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May theater is abundant

The world of theatre truly blossoms this May with an abundance of fascinating plays. Proctors opens a week run of “Six,” on Tuesday. It’s a rock musical about the wives of Henry VIII and is 90-minutes of energy with a history lesson for both teens and adults. It plays 8-performaces through Sunday, May 12.

On Thursday, Bridge St. Theatre in Catskill starts a two weekend run of “Uncle Vanya.” Chekov’s masterpiece has never been out of style, but suddenly creatives are finding contemporary resonance in the work A star-studded production has just opened at Lincoln Center in New York and soon to arrive in New York is the acclaimed British one-person version of the play, starring Andrew Scott, perhaps best known from the “Ripley” series on Netflix.

Bridge Street Theatre is a company that thrives on challenging familiar takes on classics. Their “Uncle Vanya,” which runs through May 19, should be no exception.

At Capital Repertory Theatre a world-premiere of “Three Mothers,” opened earlier this week and runs through May 12. It was inspired by a photo of the mothers of James Chaney, Michael Schwerner and Andrew Goodman leaving the church after the funeral services of Goodman. The three young men working for the cause of Civil Rights were, in 1964, murdered by the Klu Klux Klan in Mississippi.

History records that the three women retreated to Upper West Side of Carolyn Goodman for private conversation. “Three Mothers” imagines what that conversation could have been.

Another play in its second week is “In Camera.” It uses a couple in a dystopian world where the man and woman exist in total isolation. The 45-minute piece is a story that explores the effect that the isolation of COVID had on many couples. It’s produced by Troy Foundry Theatre and plays Thursday through Sunday at 403 Fulton Street, on the second floor, in downtown Troy.

Don’t look now but the summer theater companies are upon us. On May 18, Berkshire Theatre Group opens “4,000 Miles” in their Unicorn Theatre. It’s a wise, insightful story about a troubled young man who has just bicycled across country. Arriving at his beloved grandmother’s apartment in the West Village of NYC, he seeks refuge, solace and a place to find himself. The grandmother will only help him, provided he help himself.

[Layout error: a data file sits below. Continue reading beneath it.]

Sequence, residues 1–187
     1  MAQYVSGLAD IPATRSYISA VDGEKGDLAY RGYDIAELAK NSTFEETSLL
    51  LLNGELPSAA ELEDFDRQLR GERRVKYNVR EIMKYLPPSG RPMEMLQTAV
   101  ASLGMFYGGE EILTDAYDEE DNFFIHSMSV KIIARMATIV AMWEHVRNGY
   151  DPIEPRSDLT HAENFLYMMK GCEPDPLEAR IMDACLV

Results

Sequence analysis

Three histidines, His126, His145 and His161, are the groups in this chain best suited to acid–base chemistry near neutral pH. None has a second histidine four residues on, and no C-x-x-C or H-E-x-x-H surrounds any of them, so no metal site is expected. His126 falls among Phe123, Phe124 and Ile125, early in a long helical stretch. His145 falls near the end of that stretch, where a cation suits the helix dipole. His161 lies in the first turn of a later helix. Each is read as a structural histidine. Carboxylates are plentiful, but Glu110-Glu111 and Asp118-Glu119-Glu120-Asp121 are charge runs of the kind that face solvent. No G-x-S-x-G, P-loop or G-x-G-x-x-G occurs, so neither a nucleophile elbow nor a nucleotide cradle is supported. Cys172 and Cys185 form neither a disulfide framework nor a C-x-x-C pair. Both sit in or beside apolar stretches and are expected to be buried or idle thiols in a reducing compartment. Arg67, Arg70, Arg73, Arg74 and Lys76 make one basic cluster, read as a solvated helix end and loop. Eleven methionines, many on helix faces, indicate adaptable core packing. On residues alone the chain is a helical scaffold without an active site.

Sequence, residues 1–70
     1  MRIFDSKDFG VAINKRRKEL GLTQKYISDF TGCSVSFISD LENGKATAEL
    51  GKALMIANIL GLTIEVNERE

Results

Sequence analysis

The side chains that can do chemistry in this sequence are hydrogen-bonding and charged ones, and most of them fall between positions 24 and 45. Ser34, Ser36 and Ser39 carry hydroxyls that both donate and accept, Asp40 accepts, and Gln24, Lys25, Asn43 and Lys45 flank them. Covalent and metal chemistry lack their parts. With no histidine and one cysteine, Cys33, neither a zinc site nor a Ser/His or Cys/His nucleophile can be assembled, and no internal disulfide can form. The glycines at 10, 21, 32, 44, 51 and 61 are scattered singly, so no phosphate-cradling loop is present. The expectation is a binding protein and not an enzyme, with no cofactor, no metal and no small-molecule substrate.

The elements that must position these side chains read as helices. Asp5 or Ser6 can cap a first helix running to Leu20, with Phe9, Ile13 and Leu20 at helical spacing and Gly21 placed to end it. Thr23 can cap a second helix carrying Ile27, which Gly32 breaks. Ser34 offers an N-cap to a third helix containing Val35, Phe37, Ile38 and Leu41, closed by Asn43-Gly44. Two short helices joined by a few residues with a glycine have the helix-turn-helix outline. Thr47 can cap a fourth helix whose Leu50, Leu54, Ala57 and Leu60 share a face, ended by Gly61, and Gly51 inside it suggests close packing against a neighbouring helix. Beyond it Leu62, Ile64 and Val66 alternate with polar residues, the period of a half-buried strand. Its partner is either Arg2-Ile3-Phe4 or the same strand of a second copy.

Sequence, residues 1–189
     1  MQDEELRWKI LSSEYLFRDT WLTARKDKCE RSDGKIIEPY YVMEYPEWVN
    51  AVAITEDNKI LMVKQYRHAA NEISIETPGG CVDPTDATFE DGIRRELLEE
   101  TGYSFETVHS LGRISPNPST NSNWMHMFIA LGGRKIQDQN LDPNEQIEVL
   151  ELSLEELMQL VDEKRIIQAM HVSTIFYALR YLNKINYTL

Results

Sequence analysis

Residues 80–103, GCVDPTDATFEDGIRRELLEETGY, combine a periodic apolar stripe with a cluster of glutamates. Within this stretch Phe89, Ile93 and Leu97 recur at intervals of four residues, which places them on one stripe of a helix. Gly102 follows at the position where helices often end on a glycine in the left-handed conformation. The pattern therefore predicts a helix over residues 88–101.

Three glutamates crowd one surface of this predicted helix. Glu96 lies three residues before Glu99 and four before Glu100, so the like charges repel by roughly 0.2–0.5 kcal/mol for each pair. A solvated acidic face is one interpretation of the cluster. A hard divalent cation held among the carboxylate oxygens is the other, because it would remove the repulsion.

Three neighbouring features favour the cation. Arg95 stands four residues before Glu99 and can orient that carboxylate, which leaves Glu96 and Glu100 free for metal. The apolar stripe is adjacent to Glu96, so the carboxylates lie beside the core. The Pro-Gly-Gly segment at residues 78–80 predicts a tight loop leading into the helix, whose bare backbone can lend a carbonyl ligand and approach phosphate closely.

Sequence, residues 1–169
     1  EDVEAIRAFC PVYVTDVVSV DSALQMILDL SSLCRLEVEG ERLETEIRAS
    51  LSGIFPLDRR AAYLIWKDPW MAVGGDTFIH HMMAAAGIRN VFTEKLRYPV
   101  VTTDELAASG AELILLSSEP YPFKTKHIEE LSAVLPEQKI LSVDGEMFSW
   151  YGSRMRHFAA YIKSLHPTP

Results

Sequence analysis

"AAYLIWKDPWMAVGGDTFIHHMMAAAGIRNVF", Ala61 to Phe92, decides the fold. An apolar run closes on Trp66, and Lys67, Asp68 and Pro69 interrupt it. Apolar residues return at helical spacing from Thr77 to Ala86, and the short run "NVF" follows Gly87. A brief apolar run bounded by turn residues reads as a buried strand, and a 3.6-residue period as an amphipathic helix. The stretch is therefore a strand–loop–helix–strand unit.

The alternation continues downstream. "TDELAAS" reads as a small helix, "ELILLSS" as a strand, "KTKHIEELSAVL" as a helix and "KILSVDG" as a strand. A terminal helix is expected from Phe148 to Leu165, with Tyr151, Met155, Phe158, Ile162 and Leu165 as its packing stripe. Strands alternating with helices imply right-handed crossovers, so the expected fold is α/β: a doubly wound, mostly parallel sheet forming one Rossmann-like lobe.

The grandmother, Vera Joseph is, at 91, still feisty, politically independent, wise and loving. At BTG she is played by Maria Tucci, an actor who can embellish an already delicious role. It plays until June 1.

Curtain Call Theatre in Latham opens “Native Gardens” May 16. It’s about neighbors. The older couple is white and privileged. The younger couple is dark-skinned and though born in the United States they are often assumed to be immigrants. They are each accomplished individuals, and she’s 9 months pregnant.

Their gardens are joined and their difference in taste and style are only the starting point of disagreements. Their arguments, though comical, really are a device to show deeper social conflicts between the couples. It plays through June 9.

There is a lot of fun with familiar titles available at community theaters throughout the month of May. Schenectady Civic Player and Schenectady Light Opera Company continue their foolish tradition of offering plays in the same time slot. Both theaters have openings on Friday, May 10. Both shows close May 19.

Schenectady Civic presents the comedy “Play It Again, Sam. It’s a Woody Allen conceived work about a man who imagines his love life is coached by Bogey from “Casablanca.” A bonus is having Ryan Palmer in the lead role. Palmer is one of the area’s finest comic actors.

A few blocks away on Liberty Street SLOC offers the engaging “Joseph and the Amazing Technicolor Dreamcoat.” A sung-through musical, it launched the careers of Andrew Lloyd Webber and Tim Rice. Not so incidentally, the 1968 production of “Joseph…” was followed by “Jesus Christ Superstar” in 1970. Meanwhile, Albany Civic Theatre presents the drama-comedy “Driving Miss Daisy.” It’s a look at the decades long friendship of a wealthy Southern Jewish woman and her black chauffer. It opens on May 17 and runs through June 2.

On the last day of the month, May 31, Fort Salem Theatre opens “Godspell.” It’s a joyous telling of the parables in the Gospel of Matthew. It’s plays through June 9.

A bonus during the month is a reading of the sweet and tender “Love, Loss and What I Wore.” It will be offered at Steamer No. 10 in Albany, May 17-19. Theatre Voices has been offering free staged readings for over 30 years. This production will be directed by Benita Zahn.

Even the kids have a theater treat in May. The Theatre Institute at Sage will present “Dragons Love Tacos” at the Russel Sage College in Troy May 15-23. It’s a charming tale that has several morning shows as well as weekend presentations.

If you think May is busy, just wait until June.

Bob Goepfert is theater reviewer for the Troy Record.

The views expressed by commentators are solely those of the authors. They do not necessarily reflect the views of this station or its management.

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